Results of a survey of 255 full-time food service professionals supported our proposed causal chain of impact that runs from “leader behavioral integrity for food safety” (the extent to which leaders/supervisors consistently enact and enforce food safety rules) through the proportion of food safety errors reported, through “error management” (an integrated set of practices involving error detection, correction, analysis, prevention and learning), finally to reduced food safety violations.
Specifically, this study found the mediating effect of error reporting between leader behavioral integrity for food safety and error management; and the mediating effect of error management between error reporting and food safety violations.
Results suggest that ongoing support and incentivizing of supervisors’ behavior may be a critical supplement to skill-based training of employees in reducing food safety errors and thus violations. The study found that high leader behavioral integrity for food safety can improve error reporting and error management leading to a reduction in the risk of foodborne illness, which is the ultimate goal of a food safety training program.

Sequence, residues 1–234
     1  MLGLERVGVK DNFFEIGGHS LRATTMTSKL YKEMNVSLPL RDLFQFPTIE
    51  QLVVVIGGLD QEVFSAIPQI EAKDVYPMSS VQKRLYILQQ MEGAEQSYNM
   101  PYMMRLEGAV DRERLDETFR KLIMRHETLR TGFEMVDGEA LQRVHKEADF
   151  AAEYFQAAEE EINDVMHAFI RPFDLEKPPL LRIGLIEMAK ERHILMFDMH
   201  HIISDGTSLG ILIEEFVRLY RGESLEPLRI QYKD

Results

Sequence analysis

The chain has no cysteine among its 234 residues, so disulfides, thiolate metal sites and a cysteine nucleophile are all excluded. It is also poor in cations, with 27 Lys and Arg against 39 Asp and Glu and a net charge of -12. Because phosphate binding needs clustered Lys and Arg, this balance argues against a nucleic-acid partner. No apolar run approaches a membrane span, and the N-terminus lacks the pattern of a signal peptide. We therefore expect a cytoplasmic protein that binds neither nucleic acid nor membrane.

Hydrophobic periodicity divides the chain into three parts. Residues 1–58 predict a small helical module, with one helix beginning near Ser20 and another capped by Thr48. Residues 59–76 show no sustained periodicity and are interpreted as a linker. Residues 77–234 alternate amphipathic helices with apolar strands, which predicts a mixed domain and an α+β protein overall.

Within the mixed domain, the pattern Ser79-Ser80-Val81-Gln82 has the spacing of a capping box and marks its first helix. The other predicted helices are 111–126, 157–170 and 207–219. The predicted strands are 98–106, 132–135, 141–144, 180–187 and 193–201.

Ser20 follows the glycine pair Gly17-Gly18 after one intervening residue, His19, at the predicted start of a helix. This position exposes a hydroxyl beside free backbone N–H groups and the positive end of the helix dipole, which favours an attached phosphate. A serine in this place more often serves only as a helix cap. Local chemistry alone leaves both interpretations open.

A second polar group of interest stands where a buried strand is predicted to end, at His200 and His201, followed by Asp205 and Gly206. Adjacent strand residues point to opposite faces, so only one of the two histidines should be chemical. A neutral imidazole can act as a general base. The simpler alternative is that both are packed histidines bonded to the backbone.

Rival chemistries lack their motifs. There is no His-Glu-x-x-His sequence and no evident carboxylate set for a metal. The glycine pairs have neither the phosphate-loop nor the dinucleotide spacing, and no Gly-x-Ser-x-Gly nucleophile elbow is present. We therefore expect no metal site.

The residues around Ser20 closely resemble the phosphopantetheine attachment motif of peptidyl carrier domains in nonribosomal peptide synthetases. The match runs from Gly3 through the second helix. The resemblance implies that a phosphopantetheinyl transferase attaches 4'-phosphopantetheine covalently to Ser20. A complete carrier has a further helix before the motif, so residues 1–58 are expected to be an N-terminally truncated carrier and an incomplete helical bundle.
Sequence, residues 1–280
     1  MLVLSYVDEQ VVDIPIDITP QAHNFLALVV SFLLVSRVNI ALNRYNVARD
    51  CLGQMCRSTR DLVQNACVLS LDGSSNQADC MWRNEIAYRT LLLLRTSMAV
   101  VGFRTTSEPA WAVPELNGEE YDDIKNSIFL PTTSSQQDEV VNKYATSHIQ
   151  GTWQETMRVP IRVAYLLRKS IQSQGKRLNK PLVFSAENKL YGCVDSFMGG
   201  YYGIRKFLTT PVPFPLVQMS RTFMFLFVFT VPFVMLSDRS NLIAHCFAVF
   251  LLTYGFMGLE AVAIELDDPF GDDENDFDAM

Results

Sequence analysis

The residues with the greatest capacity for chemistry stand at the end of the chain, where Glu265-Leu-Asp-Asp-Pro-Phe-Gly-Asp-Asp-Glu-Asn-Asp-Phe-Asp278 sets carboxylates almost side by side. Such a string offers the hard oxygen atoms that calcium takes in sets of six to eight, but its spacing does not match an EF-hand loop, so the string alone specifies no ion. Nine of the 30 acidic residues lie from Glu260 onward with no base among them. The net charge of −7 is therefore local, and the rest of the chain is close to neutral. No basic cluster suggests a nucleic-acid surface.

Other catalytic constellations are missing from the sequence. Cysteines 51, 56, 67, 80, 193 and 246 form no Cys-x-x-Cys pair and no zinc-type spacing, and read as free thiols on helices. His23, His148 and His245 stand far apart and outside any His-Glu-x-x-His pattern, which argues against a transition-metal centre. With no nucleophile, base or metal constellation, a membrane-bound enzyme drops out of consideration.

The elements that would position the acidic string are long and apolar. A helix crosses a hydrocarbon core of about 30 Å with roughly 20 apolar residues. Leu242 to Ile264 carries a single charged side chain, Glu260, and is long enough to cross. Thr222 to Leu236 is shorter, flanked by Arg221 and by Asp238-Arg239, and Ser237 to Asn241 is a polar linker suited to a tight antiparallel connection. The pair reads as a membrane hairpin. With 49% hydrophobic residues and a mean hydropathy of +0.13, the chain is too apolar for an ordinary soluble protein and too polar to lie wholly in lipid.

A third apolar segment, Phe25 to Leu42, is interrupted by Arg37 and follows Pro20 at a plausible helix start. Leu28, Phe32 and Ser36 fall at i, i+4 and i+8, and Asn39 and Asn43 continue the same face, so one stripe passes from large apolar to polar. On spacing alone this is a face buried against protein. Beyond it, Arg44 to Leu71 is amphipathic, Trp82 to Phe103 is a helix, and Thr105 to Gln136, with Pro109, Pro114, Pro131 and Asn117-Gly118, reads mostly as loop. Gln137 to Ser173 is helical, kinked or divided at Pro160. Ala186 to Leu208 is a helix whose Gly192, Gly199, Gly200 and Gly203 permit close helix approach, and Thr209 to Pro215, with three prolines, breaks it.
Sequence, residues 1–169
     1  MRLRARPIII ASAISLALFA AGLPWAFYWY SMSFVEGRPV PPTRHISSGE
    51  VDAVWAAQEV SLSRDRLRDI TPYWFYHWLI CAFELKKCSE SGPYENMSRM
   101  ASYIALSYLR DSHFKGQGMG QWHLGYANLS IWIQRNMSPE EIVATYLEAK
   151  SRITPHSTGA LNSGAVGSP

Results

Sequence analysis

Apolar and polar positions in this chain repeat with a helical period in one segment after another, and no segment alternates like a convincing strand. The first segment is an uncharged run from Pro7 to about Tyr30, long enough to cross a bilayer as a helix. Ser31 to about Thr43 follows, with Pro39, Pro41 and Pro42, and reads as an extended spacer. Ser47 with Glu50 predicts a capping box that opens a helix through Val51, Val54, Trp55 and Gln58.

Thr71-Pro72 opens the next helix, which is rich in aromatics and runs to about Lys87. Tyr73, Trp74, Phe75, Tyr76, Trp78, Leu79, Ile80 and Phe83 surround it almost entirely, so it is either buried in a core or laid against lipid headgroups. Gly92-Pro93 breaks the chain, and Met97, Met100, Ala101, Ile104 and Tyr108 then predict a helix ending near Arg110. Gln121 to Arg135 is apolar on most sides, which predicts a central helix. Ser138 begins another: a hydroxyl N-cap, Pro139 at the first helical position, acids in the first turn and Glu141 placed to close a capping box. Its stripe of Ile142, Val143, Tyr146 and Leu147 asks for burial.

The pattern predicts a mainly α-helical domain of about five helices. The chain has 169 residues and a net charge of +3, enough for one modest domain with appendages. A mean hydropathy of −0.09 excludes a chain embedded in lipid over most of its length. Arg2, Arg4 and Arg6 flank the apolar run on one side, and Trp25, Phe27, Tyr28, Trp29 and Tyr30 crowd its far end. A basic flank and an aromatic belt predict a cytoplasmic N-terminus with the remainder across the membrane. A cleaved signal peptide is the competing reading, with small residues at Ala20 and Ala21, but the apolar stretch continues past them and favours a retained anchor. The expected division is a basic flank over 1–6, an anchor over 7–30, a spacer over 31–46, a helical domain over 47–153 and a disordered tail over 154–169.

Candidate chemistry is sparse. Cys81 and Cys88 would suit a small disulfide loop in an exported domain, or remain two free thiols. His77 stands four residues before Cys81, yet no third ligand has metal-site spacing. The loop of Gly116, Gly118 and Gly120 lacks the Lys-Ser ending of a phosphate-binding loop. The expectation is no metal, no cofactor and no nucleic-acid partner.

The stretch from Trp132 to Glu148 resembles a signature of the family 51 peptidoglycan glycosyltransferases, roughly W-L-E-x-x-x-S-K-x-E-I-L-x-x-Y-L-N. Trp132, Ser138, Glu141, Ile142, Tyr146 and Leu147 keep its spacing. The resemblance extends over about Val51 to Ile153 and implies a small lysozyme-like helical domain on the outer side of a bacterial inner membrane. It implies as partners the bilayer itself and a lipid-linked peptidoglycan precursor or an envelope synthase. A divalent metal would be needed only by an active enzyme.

It is recommended that managers serve as role models by following proper food safety practices and reporting errors themselves. A manager who consistently enacts food safety priorities and protocols conveys more clear information about positive organizational priorities for safety, provides clearer incentives for safety behaviors, models desired attitudes, and enhances employee trust and thus willingness to learn; which is critical for the success of food safety programs.
Reducing food safety errors in the United States: Leader behavioral integrity for food safety, error reporting, and error management
International Journal of Hospitality Management
Volume 59, October 2016
Priyanko Guchait, Jack A. Neal, Tony Simons